For Biden, there is style and there is substance. Style has primarily to do with management. At 78, Biden does not project an abundance of energy, conserving it to command decisions and letting experienced subordinates take care of the details and the staff work. He is not Jimmy Carter consumed by micromanaging the White House Tennis Court schedule. (Carter protested this image, saying he needed this timetable to know the whereabouts of his aides).
Much like Dwight Eisenhower, who at 62 was considered old for his time when he won in 1952, Biden appointed an able and seasoned diplomat – Ike had John Foster Dulles – to run foreign policy out of the State Department, with the National Security Council and the Defense Department in secondary roles. Eisenhower, a retired Army General himself, had no need for a military officer in charge of the Pentagon he intended to downsize. Biden apparently does, choosing Lloyd Austin precisely because he would not be an innocent civilian among the warriors fighting for the Defense budget, in addition to accepting Tony Blinken as first among equals due to diplomacy’s primacy for the President.
Style also has to do with speech. There was a huge gap between what Biden was reported to have said in a pre-recorded CNBC interview and what actually transpired in the give-and-take. “Biden refuses to remove sanctions until Iran goes back to limiting Uranium enrichment” was the headline shot around the world and eliciting gleeful reactions out of Jerusalem. But when the exchange was actually shown, it delivered less than advertised. The sanctions removal question was answered by a single syllable, No, bringing to mind Marcel Marceau in the only word spoken in Mel Brooks’ “Silent Movie”, or the curt negative reply to Inspector Clouseau’s query to a hotel patron standing next to a menacing dog (“Does your dog bite?” “No”).
In both cases, No was not such a simple statement. With Marceau, the callers to Paris, headed by Brooks, did not “speak French”, and when Clouseau was bitten as he feared and felt deceived by the reassuring “No”, he was told, “It’s not my dog”. Biden, when asked whether the enrichment limits should resume prior to sanctions removal, said even less than No or Yes. He merely mumbled and nodded. Of course, by turning the negative into positive, the same condition would apply, but in a hopeful rather than ominous vein. The interpretation in the headline was thus technically correct, but it could not be described as policy. It would be left to Blinken and his deputies, along with Special Envoy for Iran Robert Malley, to come up with options for Biden’s decisions.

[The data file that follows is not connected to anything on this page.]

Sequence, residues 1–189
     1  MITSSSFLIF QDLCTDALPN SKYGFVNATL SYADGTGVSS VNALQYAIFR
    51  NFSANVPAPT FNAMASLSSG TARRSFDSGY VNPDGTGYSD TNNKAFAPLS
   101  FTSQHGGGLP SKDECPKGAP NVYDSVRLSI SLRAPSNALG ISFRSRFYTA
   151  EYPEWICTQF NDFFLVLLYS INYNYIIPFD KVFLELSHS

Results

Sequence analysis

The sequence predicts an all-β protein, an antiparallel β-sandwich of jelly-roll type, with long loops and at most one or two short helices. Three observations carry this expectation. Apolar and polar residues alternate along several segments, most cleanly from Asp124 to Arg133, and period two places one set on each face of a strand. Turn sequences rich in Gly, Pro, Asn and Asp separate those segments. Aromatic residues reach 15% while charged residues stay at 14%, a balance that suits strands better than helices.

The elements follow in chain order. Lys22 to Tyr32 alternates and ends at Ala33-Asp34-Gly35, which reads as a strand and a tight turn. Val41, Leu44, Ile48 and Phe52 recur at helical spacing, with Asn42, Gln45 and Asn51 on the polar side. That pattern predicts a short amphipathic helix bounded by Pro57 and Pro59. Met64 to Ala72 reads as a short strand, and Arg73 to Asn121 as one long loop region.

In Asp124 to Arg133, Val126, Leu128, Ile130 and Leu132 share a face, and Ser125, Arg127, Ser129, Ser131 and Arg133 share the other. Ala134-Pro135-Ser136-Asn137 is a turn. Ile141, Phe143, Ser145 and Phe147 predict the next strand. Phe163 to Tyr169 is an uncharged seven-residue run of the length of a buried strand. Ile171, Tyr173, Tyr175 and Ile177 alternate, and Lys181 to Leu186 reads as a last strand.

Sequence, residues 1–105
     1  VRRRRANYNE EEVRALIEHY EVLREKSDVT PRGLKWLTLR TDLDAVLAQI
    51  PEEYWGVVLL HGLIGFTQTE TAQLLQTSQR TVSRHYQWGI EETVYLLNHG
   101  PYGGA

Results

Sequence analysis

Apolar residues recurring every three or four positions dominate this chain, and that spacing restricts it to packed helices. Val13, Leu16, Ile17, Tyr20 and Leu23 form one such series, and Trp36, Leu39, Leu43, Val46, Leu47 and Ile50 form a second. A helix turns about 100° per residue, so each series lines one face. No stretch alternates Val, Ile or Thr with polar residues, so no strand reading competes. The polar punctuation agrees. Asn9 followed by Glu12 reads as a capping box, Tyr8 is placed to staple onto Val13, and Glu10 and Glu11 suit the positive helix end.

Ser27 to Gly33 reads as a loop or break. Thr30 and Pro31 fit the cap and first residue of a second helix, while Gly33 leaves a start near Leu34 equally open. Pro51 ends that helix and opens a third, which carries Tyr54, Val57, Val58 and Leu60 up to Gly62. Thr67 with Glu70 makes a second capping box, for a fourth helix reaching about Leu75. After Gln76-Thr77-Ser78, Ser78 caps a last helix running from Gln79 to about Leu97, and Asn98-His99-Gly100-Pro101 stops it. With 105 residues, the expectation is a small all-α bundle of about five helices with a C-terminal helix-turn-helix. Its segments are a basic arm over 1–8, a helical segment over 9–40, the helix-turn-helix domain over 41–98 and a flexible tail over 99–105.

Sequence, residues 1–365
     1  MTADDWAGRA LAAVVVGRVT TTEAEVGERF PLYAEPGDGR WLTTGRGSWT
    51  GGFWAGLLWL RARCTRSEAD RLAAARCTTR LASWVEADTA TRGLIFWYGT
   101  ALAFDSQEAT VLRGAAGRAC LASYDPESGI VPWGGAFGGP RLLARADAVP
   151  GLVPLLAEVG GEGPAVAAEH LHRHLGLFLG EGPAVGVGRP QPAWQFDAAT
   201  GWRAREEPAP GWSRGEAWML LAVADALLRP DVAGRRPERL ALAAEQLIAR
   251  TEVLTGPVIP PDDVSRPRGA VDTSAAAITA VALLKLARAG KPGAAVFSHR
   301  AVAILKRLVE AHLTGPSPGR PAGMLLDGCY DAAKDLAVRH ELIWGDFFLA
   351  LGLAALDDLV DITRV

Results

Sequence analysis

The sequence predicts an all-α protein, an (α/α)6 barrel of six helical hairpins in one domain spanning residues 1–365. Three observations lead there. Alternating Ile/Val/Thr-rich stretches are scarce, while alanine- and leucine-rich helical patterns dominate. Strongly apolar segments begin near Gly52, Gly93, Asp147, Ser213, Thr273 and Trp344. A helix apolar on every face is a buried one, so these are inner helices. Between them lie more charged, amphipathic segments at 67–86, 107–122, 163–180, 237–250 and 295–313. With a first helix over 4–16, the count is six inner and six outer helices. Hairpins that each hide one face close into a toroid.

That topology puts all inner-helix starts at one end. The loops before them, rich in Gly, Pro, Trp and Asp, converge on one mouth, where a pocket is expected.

Substance-wise, Biden has indicated that as far as he can influence the agenda – he obviously does not control other actors – his priorities are nowhere near Tehran and Jerusalem. The pandemic, the economy, equal justice for minorities, Trump’s impeachment are all urgent issues. Next, when he and Blinken list their global concerns, China and Russia are at the top, and with – or against – them the alliances, NATO in Europe and The Quad of India, Japan and Australia along with the U.S. in Asia.
The Middle East is still around, but less so. The festering problems of Syria and Iraq, Libya and Lebanon and a mutant ISIS have not disappeared. Neither can the explosive issues of Iran’s nuclear project and Israel-Palestine be put off for long. But six weeks until the Knesset elections and budding diplomacy with Supreme Leader Khamenei, who will have to authorize any contact between Foreign Minister Javad Zarif and Blinken or Malley are not too long to wait.
Biden will definitely be there. Who is going to be his Israeli interlocutor remains to be decided by millions of voters and several party chiefs. Whoever is going to be on first-name basis with Joe, whether it is Bibi or any of his rivals, such as Gideon or Yair or Naftali, or perhaps some rotational arrangement between them, they are all being taught a lesson by the new administration, an orientation of sort, no Oriental pun intended.
When Eisenhower presided over America and the West, the distance between himself and newly-established Israel’s leader was enormous. David Ben Gurion, a self-described “merely the Prime Minister of a small country”, told his cabinet that his own counterpart is not the President, but rather the Secretary of State, namely Dulles. Under Biden, Israel’s Prime Minister, whoever he turns out to be in six weeks or somewhat later, may revert to conducting his business regarding Natanz or Ramallah, Beirut or Gaza, with a level below the President whose authority is saved for the more momentous decisions.